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Romanesque Architecture

Medieval life and Times

What is Romanesque Architecture? Definition
What is Romanesque Architecture? Definition: Romanesque architecture is a style of architecture developed between the Roman and the Gothic styles after 1000 AD. Romanesque architecture is characterized by round arches and vaults and by the substitution of piers for columns. Romanesque architects and builders generally used round arches and only very occasionally employed slightly pointed ones.

Romanesque Architecture is the term used to describe the building styles which were used between 800 AD to 1100 AD.

Why is it called Romanesque Architecture?
The name of this style of architecture leads to some confusion - the immediate association with this style of architecture is with the Roman Empire! The reason for this association are the similarities between Roman Architecture especially the Roman 'barrel vault' and the Roman arch. And the Medieval Romanesque Architecture was the first major style of architecture to be developed after the collapse of the Roman Empire. Romanesque Architecture was primarily developed by the Normans, especially in England following the Battle of Hastings and the Norman Conquest of 1066.

History of Romanesque Architecture
Romanesque Architecture emerged during the Medieval era and is strongly identified with the Normans and Norman castles. The History of Romanesque Architecture is strongly influenced by the religious fervour of the Medieval era which resulted in the construction of many Romanesque churches in England. Many medieval knights had travelled to the Holy Land on Crusades. They had seen the magnificent solid fortresses of the Byzantine Empire en route and these massive buildings influenced and revolutionised castle and church building ideas, engineering and Romanesque architecture.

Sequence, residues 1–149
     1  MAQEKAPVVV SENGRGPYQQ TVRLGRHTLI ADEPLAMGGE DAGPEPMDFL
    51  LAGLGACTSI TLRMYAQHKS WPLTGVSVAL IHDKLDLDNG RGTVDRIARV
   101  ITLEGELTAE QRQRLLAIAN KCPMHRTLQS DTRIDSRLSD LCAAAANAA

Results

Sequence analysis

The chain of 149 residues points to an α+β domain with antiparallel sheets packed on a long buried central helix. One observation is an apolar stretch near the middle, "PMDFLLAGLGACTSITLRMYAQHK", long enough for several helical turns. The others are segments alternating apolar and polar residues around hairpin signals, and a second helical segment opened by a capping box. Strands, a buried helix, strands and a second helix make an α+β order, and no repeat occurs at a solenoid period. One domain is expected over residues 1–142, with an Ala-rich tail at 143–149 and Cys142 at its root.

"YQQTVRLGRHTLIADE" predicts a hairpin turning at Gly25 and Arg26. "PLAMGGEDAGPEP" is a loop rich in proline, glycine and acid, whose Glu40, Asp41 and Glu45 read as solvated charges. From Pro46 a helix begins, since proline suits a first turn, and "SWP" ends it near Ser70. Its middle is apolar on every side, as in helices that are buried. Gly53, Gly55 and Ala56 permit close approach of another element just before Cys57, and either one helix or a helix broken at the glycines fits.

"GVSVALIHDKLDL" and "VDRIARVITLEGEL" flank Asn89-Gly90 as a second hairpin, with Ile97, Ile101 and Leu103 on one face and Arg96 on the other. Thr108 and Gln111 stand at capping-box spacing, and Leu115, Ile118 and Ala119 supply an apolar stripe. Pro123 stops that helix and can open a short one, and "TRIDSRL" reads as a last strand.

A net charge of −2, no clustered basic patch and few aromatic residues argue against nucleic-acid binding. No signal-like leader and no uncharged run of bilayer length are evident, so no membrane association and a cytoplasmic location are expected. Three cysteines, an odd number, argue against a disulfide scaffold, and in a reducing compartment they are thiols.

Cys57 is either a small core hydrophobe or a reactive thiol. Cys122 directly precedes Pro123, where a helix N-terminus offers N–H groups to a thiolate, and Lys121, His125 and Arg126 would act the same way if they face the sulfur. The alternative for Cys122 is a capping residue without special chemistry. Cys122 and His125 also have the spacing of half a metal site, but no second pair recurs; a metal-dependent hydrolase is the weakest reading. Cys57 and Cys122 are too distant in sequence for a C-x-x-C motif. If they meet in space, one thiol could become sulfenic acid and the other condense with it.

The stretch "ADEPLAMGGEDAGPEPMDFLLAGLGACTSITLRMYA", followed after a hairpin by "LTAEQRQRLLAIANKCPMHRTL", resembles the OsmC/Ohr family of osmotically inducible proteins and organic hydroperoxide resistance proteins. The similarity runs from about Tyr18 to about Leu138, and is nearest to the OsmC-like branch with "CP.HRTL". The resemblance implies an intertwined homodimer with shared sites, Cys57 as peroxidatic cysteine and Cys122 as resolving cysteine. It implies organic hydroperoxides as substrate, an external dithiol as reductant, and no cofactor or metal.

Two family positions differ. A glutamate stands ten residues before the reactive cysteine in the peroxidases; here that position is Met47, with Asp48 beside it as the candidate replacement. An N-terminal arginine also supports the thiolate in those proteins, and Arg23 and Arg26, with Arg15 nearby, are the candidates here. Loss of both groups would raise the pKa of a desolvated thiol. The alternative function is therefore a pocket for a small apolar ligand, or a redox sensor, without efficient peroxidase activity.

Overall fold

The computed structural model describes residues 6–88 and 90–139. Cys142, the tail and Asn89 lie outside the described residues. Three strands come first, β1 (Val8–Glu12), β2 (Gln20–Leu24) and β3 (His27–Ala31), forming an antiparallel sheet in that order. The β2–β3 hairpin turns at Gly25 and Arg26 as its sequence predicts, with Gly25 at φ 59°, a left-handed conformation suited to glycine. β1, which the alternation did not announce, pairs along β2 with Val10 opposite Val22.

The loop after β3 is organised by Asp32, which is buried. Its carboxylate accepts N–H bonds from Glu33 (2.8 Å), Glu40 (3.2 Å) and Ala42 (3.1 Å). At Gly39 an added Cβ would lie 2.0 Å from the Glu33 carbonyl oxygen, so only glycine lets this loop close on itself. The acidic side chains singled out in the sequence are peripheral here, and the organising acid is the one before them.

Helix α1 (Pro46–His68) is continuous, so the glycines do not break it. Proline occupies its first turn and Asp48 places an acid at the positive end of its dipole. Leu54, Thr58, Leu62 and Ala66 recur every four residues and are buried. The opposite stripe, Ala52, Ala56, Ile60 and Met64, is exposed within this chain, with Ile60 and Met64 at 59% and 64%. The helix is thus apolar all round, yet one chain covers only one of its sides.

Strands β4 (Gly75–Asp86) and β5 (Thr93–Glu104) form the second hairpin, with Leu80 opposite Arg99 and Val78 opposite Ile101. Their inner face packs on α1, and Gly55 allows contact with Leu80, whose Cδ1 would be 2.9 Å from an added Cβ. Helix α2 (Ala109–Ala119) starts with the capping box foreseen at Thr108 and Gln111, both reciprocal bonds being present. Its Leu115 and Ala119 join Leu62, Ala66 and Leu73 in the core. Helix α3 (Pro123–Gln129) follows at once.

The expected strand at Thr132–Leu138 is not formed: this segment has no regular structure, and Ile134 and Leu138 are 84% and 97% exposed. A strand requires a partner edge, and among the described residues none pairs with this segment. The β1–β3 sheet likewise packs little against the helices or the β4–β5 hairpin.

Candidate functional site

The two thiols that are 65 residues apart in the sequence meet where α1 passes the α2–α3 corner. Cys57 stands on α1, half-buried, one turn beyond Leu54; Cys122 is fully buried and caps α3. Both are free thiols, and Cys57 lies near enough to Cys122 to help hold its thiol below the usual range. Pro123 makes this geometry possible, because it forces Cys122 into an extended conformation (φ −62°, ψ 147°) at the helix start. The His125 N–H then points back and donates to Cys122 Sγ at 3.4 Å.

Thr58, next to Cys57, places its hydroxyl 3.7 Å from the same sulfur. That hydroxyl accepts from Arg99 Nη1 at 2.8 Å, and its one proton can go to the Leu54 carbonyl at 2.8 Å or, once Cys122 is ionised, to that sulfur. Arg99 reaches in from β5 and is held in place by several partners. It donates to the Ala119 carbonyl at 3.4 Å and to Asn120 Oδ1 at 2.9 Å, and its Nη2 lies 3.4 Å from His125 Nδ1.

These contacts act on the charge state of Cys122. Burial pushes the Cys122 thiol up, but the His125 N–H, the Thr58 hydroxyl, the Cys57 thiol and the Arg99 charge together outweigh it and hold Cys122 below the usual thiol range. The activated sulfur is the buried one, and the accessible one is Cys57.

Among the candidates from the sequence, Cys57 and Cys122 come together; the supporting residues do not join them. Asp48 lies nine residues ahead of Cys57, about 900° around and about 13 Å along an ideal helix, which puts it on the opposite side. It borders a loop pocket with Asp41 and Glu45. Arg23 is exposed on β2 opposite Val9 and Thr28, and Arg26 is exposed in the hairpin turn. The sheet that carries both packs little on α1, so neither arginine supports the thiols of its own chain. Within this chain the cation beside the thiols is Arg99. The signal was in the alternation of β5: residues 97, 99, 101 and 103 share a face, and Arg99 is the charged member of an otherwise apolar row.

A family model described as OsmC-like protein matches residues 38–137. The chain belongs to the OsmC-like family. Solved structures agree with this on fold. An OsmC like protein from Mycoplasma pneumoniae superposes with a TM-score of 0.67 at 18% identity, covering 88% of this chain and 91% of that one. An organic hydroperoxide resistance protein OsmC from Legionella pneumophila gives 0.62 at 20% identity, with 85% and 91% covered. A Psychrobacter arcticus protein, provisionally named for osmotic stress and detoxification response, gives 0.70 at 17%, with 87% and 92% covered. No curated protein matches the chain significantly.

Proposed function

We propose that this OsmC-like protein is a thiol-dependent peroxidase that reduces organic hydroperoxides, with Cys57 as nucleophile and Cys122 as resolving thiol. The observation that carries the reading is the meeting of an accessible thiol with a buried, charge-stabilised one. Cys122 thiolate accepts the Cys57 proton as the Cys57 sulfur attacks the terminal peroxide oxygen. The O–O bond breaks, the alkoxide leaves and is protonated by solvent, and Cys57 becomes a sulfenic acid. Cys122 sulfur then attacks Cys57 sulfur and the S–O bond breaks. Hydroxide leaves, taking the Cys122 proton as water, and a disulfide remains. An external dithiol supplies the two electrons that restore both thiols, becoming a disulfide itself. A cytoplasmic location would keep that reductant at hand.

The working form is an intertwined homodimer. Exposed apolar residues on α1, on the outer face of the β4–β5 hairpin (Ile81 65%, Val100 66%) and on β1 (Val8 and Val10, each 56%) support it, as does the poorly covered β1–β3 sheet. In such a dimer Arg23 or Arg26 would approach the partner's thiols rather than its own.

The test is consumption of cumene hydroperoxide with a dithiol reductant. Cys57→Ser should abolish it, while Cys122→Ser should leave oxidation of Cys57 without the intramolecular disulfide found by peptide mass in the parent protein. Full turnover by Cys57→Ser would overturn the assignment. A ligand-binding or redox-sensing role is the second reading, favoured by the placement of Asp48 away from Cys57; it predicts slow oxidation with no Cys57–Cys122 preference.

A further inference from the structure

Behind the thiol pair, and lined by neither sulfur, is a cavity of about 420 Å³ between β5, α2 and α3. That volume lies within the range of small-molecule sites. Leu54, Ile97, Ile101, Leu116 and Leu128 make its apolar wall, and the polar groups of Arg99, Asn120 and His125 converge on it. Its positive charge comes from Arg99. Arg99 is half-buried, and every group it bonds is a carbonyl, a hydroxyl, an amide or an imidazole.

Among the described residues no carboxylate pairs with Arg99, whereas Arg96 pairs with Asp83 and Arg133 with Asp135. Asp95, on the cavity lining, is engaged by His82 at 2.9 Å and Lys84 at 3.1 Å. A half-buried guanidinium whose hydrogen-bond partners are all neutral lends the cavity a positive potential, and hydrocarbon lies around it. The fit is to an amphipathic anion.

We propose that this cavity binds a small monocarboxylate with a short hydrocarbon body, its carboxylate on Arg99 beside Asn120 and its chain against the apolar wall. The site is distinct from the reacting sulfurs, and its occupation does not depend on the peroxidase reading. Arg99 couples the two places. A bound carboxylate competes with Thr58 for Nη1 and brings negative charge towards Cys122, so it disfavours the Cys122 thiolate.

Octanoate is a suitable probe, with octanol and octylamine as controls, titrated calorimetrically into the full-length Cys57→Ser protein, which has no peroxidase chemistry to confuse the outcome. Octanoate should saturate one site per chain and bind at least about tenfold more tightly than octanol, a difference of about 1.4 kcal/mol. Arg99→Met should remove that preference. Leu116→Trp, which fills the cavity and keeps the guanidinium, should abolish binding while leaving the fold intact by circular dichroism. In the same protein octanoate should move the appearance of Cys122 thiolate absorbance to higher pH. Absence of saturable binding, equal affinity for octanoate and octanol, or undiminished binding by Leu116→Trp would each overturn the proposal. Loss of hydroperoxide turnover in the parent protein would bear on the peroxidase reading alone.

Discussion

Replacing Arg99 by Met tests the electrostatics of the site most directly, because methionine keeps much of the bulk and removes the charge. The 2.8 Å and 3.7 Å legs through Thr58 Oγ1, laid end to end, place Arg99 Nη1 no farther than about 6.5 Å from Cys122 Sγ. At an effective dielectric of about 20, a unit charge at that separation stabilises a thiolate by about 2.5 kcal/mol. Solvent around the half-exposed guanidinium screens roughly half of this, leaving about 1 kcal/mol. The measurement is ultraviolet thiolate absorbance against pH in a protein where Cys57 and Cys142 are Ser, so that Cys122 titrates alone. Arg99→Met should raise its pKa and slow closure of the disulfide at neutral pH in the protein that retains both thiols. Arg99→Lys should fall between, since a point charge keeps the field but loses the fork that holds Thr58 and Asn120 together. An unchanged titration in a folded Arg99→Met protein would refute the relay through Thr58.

History of Romanesque Architecture - Norman Castles
The Normans had developed the wooden Motte and Bailey castles at first in Normandy. Then England was invaded by William the Conqueror and were defeated at the Battle of Hastings in 1066. The wooden Motte and Bailey castles were used by the Normans as a means to subjugate the conquered English inhabitants. The wooden tower on the top of the 'Motte' was soon replaced by the Castle Keep and the Norman castles were then designed and built in stone resulting in Norman Romanesque Architecture. The castles built in the style of Romanesque Architecture were massive - impressive fortresses to keep the English in check. The Normans conquered and maintained their domination of the English through the Romanesque style architecture of their castles.

Development of Romanesque Architecture
Time played a major part in the development of Romanesque Architecture. This was a time of social and cultural change. Highly influenced by Christianity and religious fervour. It was the period of crusades - even the Norman Invasion of England was sanctified as a crusade by the Pope! Lands were conquered and the means had to be found to crush the conquered English. The victorious Normans used the castles as a power base and built numerous churches.

Romanesque Architecture replaces Roman architecture
What materials were readily available to create the buildings styled in the fashion of Romanesque architecture? Old Roman bricks were re-cycled and various stone which was available locally were used in the buildings. Most of the remaining Roman villas and temples were totally destroyed. There was plenty of labor to build the structures. The heavy stones required to build the Romanesque castles and churches were transported by the conquered English. The feudal system of the Medieval era ensured that labour to build massive structures of Romanesque architecture could be easily deployed

Romanesque Architecture - New Techniques
New building techniques, construction methods and ideas included the development of the stone vault ceiling, the arch and the buttress to support the great stone weights which were a feature of the massive castles and churches.

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